OAKLAND — There’s nothing easy about picking out a Christmas tree at the Oakland Tree Farm. There are 10,000 choices, ranging from 2 to 12 feet tall in several species.
But Phil and Kim Adams love sharing the tree tradition. They’re on the verge of their 20th year of opening up their farm and welcoming families who are looking for the perfect tree. They believe in their business logo: “Where Christmas memories begin.”
“We just open up the farm and allow people to have a fun day on the farm,” Phil Adams said.
“We feel the Christmas spirit from the families coming through looking for a tree,” Kim Adams said.
On the Friday after Thanksgiving, the 45-acre farm on Green Valley Road will begin its holiday season with daily hours from 9 a.m. to dark through the Sunday before Christmas Day. Visitors can cruise 25 acres of trees and select from the popular Nordmann fir, grand fir and noble fir or from Douglas fir, blue spruce, concolor fir or Siberian spruce.
Phil Adams, 53, is a resource manager for Roseburg Forest Products and has been in the tree-growing business all of his professional career. The tree farm, he said, is “my hobby gone mad.”
“He’s good at growing trees. He’s really good at it,” said Kim Adams, 54, who also worked at RFP and recently retired to the farm full time.
The Adamses got into the Christmas tree growing business in 1985. They lived in Roseburg, but leased property near Kellogg and began planting trees. Phil Adams spent weekends planting and maintaining trees.
When Willard Lee, owner of the Oakland Tree Farm, decided to retire after about 30 years in the business, the Adamses purchased the operation in 1994 and moved from Roseburg to the farm.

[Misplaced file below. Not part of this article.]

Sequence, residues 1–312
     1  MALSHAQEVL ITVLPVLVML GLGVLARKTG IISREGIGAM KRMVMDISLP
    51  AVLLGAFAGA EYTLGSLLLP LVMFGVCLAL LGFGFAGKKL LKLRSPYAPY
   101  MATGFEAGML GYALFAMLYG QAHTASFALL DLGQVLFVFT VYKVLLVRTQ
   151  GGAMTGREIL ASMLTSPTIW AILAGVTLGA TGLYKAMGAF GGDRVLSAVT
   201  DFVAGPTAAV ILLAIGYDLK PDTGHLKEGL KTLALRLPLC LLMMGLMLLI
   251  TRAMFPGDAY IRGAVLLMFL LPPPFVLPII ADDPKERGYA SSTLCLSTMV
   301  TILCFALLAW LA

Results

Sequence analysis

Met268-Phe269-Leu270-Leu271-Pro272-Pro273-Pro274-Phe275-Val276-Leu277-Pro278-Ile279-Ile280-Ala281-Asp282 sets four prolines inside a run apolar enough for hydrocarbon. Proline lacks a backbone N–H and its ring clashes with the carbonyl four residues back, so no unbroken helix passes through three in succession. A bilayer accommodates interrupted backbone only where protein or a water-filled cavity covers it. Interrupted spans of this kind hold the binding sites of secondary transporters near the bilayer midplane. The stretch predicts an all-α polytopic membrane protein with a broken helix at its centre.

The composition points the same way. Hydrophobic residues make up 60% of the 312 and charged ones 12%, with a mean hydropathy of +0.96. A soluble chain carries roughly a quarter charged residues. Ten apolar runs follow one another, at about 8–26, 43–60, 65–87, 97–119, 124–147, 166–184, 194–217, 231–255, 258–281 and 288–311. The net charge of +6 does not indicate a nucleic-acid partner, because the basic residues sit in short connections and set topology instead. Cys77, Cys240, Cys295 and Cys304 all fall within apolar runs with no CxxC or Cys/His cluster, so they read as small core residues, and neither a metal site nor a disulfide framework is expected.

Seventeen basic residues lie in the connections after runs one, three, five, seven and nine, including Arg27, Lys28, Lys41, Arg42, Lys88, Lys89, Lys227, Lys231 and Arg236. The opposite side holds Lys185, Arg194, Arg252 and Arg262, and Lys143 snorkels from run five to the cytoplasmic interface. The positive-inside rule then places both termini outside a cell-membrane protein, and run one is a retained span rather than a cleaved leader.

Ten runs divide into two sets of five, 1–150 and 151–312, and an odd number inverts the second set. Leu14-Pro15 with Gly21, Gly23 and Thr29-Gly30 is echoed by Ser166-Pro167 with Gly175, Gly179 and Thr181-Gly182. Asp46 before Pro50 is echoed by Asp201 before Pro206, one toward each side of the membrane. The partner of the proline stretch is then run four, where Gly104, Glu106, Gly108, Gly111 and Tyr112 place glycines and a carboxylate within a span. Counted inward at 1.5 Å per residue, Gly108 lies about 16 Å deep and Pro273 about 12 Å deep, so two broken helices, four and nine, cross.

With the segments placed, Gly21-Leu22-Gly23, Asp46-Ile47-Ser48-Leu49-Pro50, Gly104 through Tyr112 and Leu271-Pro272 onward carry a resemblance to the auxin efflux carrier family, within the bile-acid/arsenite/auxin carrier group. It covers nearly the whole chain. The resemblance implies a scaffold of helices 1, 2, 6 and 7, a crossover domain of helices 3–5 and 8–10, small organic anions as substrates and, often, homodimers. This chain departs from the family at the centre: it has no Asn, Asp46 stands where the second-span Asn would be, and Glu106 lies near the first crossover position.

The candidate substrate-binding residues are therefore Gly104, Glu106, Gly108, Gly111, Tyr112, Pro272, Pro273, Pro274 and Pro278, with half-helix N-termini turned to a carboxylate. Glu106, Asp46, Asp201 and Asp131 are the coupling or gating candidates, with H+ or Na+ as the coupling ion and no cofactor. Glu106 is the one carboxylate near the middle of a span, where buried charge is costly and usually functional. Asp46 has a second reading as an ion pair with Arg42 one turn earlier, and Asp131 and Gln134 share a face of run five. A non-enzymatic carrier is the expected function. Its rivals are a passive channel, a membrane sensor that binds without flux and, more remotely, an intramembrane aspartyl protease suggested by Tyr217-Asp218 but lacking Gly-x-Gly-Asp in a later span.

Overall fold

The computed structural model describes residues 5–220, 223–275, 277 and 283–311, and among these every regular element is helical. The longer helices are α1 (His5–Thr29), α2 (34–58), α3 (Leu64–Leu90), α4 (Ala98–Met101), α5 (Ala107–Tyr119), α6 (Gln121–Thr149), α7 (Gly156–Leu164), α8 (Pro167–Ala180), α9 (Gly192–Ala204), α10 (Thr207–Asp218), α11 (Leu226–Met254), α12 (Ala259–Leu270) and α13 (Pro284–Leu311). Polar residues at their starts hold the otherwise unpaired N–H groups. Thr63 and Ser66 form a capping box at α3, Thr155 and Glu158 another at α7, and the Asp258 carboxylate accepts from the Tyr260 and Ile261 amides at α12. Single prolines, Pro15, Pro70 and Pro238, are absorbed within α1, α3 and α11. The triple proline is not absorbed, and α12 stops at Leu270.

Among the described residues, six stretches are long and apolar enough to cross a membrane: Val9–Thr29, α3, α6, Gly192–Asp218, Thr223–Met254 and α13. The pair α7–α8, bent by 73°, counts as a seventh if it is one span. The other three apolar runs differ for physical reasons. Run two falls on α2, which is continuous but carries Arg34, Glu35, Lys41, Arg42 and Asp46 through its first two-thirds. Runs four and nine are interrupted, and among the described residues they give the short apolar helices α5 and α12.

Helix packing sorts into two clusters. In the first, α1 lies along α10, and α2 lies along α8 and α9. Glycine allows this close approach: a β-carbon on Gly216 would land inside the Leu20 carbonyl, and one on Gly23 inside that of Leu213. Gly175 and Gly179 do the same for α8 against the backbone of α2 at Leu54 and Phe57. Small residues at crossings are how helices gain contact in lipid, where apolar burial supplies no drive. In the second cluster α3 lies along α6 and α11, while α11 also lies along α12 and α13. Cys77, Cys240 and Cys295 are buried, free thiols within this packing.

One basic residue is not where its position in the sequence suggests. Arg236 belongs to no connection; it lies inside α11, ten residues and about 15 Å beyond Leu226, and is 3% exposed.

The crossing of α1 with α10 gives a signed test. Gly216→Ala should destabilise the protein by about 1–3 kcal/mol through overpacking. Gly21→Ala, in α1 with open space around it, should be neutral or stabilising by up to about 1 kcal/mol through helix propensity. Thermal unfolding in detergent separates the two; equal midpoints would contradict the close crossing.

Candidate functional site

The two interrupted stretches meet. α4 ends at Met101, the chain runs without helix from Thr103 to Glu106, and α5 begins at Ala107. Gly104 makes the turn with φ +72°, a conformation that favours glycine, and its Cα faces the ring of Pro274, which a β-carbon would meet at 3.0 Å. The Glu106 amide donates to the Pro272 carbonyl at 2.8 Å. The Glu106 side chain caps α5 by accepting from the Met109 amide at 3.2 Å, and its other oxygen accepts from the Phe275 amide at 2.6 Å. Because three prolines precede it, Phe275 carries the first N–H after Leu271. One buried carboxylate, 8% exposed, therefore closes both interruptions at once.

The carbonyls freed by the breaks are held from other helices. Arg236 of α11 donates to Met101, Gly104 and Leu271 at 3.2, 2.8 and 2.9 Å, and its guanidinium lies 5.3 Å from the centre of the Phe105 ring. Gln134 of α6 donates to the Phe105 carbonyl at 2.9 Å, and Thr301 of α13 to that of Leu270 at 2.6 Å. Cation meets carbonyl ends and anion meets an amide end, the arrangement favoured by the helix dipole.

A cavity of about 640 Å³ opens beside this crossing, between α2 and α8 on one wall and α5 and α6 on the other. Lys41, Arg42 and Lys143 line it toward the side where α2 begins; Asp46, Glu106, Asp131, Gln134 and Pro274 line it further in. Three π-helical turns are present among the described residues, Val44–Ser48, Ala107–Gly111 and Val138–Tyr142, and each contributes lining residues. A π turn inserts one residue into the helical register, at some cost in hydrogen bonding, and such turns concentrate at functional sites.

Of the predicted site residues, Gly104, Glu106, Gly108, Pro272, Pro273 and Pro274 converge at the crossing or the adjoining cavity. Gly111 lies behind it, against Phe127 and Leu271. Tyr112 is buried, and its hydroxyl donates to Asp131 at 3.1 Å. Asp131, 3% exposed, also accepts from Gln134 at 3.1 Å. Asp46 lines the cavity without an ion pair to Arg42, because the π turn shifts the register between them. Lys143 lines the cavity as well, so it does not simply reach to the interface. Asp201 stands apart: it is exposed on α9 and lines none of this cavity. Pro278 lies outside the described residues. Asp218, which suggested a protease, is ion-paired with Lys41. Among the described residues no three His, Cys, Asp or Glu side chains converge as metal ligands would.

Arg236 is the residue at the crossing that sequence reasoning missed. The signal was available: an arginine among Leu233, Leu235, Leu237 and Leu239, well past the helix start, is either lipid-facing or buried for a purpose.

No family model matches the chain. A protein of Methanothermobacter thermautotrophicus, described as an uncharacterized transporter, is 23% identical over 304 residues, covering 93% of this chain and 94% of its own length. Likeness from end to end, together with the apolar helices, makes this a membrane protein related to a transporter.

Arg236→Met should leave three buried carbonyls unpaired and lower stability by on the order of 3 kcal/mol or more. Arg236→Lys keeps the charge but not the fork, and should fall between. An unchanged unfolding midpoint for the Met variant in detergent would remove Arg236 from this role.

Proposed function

In developing the farm, the couple had the help of their three children — Emily, Nick and Nathan — through their junior high and high school years.
At one point, the farm sold 5,000 trees wholesale another 1,200 retail to farm visitors.
Wholesale markets dwindled during the recession, so other than continuing with a couple longtime out-of-state customers, the farm has concentrated on the U-cut and retail business. They said their U-cut business has increased because there are fewer U-cut farms to visit in central Douglas County.
“Some of the other mom-and-pop U-cuts have gone away,” Kim Adams said. “Last year, for the first time, people said, ‘Are you going to be here next year?’ They said this place has gone away and that place has gone away. People still want that family tradition of going out, deciding on a tree, cutting it down and taking it home.”
Bev and Vic Long of Roseburg have been making the annual trip since the Adamses’ first year at the farm.
“I’d recommend them to anybody,” Bev Long said. “It’s a great family atmosphere with the hot cider, the hot cocoa, the candy canes, walking down to find a tree and then shaking it and binding it up for the trip home. Overall it’s a great experience, a different experience that you don’t get in town. They make it special for you. They make everyone feel special.
“There’s a great selection of trees, the quality, the price. It’s well worth the price to make the visit,” she added. “Getting the tree is part of the joy of Christmas.”
Bob and Debbie Moreland of Oakland have also visited the farm for many years to find their tree.
“The Oakland Tree Farm is a shining star in our Christmas traditions,” Debbie Moreland said. “The Adams family provides a warm welcome every year, treating us like family.”
It’s tough to choose a tree, she said. “Walking the beautiful farm, finding the perfect tree and sipping hot cocoa are enjoyable preludes to our annual tree fight.”
The Adamses said the joy they see in families having a good time at the farm through December helps them get through the long days.
Kim Adams said she thinks that with the recent economic troubles, more people are staying home during the Christmas holiday season. She said there’s been an increase in the number of flocked trees, which cost a little bit extra, but provide an added special touch.
“It’s fun for me,” Phil Adams said. “I’m looking forward to this year. The trees look as good as they’ve ever looked.”
• News-Review business reporter Craig Reed can be reached by calling 541-957-4210 or by email at firstname.lastname@example.org.